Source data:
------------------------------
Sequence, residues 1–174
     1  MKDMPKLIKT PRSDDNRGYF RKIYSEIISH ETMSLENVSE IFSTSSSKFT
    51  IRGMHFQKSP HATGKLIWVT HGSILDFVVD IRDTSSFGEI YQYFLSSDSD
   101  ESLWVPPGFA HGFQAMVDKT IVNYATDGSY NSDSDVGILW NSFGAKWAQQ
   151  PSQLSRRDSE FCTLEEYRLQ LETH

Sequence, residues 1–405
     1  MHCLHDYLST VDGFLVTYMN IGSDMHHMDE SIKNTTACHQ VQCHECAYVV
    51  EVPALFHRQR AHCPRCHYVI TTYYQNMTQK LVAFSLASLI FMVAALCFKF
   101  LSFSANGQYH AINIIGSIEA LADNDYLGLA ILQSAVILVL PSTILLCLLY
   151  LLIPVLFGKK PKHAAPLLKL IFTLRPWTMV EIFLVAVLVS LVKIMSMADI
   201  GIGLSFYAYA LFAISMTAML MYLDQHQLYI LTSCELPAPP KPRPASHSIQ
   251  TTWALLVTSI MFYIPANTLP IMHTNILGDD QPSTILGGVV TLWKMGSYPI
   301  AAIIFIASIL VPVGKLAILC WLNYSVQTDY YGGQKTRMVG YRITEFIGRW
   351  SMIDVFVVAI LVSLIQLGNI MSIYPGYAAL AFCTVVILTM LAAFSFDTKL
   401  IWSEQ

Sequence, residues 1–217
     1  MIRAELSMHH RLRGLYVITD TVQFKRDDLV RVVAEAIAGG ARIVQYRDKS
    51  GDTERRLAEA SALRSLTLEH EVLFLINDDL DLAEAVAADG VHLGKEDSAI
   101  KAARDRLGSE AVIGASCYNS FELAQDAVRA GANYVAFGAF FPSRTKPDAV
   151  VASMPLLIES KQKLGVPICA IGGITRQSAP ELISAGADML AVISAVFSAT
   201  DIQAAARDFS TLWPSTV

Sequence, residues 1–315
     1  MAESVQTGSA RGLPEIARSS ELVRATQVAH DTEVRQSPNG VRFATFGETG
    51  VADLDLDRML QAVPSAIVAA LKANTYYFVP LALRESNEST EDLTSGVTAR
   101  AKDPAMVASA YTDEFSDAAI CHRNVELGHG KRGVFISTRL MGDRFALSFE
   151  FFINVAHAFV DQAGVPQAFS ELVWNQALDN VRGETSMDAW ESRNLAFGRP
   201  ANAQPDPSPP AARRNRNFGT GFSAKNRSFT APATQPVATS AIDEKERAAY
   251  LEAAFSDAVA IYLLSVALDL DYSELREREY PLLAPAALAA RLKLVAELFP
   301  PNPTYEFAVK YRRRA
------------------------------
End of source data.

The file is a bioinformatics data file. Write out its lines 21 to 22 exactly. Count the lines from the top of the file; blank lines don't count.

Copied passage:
   201  DIQAAARDFS TLWPSTV

Sequence, residues 1–315